Equity & Diversity

Poll: Black, Latino Parents Say Schools Need Higher Expectations, Better Teachers

By Corey Mitchell — April 11, 2016 3 min read
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First posted on Education Week’s K-12 Parents and the Public blog

By Sarah Tully

A majority of African-American and Latino parents report that they want higher expectations for their children and better teachers in public schools, where they believe there are racial inequalities and funding disparities, according to a new national poll.

And some believe public schools are doing a poor job overall addressing those concerns.

The Leadership Conference on Civil and Human Rights, a national coalition of 200 organizations, is releasing Monday a survey of about 800 African-American and Latino parents and caregivers about their attitudes toward and priorities for public schools. The release of the poll results will be accompanied by an event in Washington to discuss the findings.

About 90 percent of the poll’s participants said expectations for low-income children should be as high or higher than for other students.

“They really want to see higher expectation for students of color,” said Matt Hogan, a partner withAnzalone Liszt Grove Research that conducted the poll, in a Friday conference call with reporters. “They overwhelmingly say basically, those expectations are not high enough and they want to see them higher.”

About 80 percent of African-American and Latino students rated their own children’s schools positively, with higher opinions about schools where the student populations are mostly white.

But when asked about schools nationally, 53 percent of African-American participants said schools were doing a poor job preparing African-American children for the future, compared to about 28 percent of Latino respondents.

Also, about one-third of African-American and one-quarter of Latino participants responded that schools “are not really trying” to educate African American and Latino students.

“I would say there’s a big difference in how they see their child’s school and how they see schools nationally,” Hogan said.

Other poll findings include:

  • Both communities believe there are funding disparities between low-income and wealthy schools, as well as by race. About 83 percent of African-American respondents and 61 percent of Latino respondents reported they believe their schools receive less money as those in primarily white communities.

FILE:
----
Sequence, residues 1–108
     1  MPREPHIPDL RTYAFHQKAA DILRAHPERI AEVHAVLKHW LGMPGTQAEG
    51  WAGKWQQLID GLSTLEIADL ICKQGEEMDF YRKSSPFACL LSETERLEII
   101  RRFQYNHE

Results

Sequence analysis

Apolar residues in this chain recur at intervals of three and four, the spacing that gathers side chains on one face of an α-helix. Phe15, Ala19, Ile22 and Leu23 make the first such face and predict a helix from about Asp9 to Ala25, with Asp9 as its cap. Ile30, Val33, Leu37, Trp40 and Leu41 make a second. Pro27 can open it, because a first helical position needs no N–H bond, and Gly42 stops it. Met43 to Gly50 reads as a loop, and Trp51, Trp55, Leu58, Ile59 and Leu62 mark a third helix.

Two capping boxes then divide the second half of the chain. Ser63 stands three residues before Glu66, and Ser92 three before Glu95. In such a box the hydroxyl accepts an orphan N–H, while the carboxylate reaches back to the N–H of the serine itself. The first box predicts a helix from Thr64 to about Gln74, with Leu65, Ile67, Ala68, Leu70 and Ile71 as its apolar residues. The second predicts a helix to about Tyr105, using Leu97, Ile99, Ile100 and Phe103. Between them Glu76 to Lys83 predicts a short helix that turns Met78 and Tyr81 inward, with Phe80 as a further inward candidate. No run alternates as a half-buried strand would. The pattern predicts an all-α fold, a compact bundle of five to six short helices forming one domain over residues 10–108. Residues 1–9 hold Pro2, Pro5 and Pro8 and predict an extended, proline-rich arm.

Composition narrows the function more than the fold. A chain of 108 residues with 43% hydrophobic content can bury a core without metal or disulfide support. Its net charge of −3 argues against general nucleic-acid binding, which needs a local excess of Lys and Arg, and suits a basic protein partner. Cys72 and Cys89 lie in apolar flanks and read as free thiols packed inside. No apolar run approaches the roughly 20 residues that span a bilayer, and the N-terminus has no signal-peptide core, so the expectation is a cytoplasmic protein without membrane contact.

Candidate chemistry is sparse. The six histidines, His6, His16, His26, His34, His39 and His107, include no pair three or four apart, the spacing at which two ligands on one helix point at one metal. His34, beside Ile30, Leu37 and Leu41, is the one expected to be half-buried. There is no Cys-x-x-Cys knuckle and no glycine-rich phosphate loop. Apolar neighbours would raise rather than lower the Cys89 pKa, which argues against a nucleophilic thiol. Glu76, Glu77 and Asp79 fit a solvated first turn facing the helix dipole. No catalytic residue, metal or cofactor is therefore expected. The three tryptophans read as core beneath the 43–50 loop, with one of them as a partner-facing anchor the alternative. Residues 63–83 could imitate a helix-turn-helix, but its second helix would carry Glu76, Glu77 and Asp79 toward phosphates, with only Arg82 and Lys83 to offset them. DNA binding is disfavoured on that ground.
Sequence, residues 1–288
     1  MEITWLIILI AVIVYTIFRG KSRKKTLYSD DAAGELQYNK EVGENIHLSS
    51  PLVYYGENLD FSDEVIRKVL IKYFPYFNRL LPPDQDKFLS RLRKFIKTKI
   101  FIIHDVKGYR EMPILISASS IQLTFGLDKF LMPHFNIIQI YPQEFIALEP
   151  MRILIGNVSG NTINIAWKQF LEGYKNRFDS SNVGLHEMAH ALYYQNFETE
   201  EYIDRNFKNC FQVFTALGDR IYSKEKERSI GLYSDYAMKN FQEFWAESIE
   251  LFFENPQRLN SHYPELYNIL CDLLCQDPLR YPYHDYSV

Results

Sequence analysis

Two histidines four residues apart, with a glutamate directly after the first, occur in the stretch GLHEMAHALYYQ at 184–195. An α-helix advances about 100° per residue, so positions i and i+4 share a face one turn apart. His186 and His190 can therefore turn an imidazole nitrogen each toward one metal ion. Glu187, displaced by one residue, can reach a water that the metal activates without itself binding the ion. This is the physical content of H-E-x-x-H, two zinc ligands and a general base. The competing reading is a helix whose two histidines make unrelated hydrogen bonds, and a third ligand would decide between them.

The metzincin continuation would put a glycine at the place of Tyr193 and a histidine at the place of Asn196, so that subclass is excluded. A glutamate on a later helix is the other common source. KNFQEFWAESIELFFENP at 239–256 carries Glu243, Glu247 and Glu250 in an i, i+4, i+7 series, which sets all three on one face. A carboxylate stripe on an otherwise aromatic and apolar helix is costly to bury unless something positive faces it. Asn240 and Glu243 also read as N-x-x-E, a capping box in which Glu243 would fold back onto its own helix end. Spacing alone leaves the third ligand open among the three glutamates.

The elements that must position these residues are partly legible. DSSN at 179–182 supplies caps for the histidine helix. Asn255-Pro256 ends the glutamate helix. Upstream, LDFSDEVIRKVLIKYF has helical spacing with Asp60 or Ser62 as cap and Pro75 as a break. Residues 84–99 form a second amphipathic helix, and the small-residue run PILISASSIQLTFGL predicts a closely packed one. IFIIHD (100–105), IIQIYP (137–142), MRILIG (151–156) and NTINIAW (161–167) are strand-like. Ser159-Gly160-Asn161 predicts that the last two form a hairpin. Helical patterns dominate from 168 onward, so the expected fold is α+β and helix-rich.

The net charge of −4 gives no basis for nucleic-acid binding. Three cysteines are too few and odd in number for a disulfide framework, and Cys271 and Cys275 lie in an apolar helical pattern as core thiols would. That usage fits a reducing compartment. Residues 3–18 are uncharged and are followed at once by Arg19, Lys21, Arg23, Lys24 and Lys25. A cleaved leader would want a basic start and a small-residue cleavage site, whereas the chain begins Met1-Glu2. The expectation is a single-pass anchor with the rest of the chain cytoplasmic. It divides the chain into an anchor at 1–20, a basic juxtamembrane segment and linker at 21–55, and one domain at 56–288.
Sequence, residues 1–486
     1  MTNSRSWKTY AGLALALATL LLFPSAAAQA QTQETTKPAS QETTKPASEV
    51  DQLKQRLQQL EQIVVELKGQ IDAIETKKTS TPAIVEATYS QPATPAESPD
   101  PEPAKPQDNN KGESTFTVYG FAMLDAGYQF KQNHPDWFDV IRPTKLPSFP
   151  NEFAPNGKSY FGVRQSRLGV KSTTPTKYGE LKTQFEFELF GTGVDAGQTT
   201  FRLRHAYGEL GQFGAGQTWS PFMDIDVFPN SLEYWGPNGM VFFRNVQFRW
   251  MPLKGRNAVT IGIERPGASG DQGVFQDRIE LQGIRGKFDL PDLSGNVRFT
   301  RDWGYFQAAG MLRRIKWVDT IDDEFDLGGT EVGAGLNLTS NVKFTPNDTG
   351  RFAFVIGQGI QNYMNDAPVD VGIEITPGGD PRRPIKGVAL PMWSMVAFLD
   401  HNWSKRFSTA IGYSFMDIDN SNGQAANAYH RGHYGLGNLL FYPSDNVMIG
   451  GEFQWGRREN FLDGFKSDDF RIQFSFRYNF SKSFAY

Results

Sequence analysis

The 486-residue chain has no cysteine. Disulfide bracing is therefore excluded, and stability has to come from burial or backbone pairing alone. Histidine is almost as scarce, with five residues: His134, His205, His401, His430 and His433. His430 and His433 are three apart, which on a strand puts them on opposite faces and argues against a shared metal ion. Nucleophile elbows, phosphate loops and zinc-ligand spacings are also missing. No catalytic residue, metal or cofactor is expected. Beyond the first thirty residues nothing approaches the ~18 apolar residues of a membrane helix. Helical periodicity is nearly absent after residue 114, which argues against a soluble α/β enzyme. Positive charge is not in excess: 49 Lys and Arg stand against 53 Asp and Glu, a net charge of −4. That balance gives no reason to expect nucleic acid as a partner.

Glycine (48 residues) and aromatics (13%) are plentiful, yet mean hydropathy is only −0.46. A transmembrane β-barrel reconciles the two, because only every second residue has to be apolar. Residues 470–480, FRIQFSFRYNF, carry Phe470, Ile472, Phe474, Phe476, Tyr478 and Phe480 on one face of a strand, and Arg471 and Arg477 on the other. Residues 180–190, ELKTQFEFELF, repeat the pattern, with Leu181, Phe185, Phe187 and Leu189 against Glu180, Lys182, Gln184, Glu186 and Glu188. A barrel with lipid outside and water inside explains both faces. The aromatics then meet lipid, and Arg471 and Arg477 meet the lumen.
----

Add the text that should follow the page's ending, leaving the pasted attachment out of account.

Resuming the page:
• Half of the respondents said that quality teachers are the most important aspect of a good school. Respondents say the lack of funding, low-quality teachers, and racial bias are the top reasons why African-American and Latino students don’t receive an education that’s equal to that of white children.
  • About 45 percent of respondents said students’ family support was the most important factor for school success for low-income children, more so than schools themselves.

Wade Henderson, president of the Leadership Conference Education Fund, said the poll was done to show the opinions of the “new majority” because “children of color” now make up most of the public school population. Also, the group wanted to highlight parents’ opinions in light of the recent passage of the federal Every Student Succeeds Act, which will be rolled out in schools soon.

(The group has spoken up about ESSA, the main federal K-12 law, before. Here’s what the group said about ESSA in December and also what it is saying about the negotiated rulemaking, which is now underway.)

Henderson said he hopes the survey results will be used by advocates and schools to gauge public opinion, as well as engage parents in the process.

Phone interviews were conducted with about 400 African-American and 400 Latino parents and caregivers in March. About one-fifth of the interviews were conducted in Spanish. Focus groups were held with Latinos in Chicago and African Americans in Philadelphia.

A version of this news article first appeared in the District Dossier blog.